Information & Communication Technology

Discussion Paper: No Trade Off - Restrictions on the Free Flow of Data, World Trade and Human Rights

Report, 01 May 2014

Fiber optic cables

The Swedish Foreign Affairs Ministry requested IHRB apply learning from the Digital Dangers project to the issue of how restrictions on the free flow of data could negatively affect both human rights and worldwide trade.

The Trade Policy Department at the Swedish Foreign Affairs Ministry asked IHRB to apply learning from the Digital Dangers project to the issue of how restrictions on the free flow of data could not only negatively affect trade worldwide but also adversely impact human rights.

This discussion paper was prepared in advance of the Stockholm Internet Forum in May 2014, which formed the basis of a panel discussion on reconciling privacy and security for global growth and economic development.

The Paper presents ten emerging trends and examples of governments applying restrictions to the free flow of information, which not only negatively impact human rights but also trade:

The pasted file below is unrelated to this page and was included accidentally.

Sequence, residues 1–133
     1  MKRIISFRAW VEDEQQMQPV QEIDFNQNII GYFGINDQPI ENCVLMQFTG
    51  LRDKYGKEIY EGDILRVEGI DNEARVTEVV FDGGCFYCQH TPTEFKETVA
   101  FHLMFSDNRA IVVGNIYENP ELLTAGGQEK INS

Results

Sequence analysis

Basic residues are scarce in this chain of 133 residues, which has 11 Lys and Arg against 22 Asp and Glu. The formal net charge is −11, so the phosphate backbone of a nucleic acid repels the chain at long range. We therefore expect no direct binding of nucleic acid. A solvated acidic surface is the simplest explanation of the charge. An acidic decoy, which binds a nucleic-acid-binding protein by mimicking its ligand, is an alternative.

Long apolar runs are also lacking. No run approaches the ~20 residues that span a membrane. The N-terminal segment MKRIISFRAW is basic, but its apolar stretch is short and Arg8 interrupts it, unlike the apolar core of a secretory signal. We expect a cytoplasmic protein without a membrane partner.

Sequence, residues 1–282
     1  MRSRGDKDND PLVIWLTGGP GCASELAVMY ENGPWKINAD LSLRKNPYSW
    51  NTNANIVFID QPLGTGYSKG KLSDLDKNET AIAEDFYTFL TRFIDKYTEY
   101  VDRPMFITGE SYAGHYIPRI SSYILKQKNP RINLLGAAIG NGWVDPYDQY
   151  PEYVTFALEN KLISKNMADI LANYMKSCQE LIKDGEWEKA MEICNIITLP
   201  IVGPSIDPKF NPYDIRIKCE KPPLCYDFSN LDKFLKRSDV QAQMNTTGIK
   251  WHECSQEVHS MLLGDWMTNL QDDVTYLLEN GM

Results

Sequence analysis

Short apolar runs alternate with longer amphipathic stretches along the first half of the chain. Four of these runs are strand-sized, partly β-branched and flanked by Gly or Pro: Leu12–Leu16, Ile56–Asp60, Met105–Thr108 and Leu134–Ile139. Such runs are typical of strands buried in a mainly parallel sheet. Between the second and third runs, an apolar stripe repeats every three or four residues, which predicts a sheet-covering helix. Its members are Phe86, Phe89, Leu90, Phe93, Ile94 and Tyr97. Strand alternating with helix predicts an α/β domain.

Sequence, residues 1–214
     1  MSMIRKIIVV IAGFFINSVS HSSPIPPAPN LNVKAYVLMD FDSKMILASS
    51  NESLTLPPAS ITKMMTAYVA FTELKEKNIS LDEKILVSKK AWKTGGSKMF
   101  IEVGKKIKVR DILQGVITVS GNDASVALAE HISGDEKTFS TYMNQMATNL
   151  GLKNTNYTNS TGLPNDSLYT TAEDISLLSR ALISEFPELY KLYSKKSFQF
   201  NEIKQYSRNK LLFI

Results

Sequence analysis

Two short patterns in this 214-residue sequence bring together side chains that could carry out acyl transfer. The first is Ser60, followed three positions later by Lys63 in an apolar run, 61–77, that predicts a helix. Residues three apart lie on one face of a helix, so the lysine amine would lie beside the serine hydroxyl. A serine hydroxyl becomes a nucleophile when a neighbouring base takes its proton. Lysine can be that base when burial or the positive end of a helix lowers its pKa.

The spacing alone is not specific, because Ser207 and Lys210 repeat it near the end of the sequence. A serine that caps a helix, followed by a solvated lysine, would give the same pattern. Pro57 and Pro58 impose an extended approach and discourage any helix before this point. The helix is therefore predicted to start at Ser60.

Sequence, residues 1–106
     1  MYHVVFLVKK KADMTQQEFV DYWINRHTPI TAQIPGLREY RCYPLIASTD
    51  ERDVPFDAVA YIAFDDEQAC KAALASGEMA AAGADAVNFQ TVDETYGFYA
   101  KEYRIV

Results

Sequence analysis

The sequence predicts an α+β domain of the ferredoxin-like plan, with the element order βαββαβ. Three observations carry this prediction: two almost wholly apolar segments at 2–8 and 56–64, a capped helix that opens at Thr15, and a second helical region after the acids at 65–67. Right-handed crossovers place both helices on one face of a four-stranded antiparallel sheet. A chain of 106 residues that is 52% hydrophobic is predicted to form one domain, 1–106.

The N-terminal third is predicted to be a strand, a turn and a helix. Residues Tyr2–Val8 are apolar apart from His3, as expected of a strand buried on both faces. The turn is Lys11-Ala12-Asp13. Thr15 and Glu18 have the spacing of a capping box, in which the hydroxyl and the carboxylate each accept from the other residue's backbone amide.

1. Forced data localisation (governments ordering companies to place their servers in-country)
  2. Development on "national" email services
  3. Building new undersea cables to avoid US surveillance
  4. Content censorship through filtering and website blocking
  5. Blocking/disconnecting networks
  6. Prohibition or blocking of certain technologies of applications and services (eg. Skype and Twitter)
  7. Requirements that Internet users register with the government
  8. Requirement that companies install filters or other types of screening or surveillance mechanisms in imported hardware
  9. Requiring intermediaries (such as Internet service providers) to block and filter content by imposing civil and criminal penalties on intermediaries if they do not comply.
  10. Restrictions on cross border data flows as part of data protection

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